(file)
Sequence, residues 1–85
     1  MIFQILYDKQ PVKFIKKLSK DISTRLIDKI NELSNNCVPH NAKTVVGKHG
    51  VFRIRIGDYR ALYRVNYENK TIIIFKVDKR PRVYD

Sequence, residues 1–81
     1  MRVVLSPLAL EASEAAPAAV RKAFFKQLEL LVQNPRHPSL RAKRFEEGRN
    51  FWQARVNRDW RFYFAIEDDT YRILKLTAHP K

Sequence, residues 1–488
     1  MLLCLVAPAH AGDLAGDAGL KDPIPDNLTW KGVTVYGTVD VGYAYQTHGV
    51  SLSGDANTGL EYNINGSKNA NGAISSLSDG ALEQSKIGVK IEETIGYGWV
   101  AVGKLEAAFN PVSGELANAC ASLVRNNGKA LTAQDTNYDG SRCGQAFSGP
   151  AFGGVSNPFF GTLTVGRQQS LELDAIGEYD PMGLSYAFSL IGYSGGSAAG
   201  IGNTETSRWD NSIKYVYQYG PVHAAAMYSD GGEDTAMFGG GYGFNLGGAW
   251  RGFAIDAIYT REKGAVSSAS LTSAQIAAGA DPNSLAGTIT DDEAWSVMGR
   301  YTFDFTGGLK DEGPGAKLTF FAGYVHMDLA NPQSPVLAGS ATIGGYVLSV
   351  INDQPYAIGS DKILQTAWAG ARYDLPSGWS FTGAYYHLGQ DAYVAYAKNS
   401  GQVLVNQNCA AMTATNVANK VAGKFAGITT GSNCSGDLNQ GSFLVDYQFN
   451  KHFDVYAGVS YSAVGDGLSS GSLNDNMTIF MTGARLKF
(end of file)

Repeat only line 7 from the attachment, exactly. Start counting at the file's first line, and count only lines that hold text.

Sequence, residues 1–488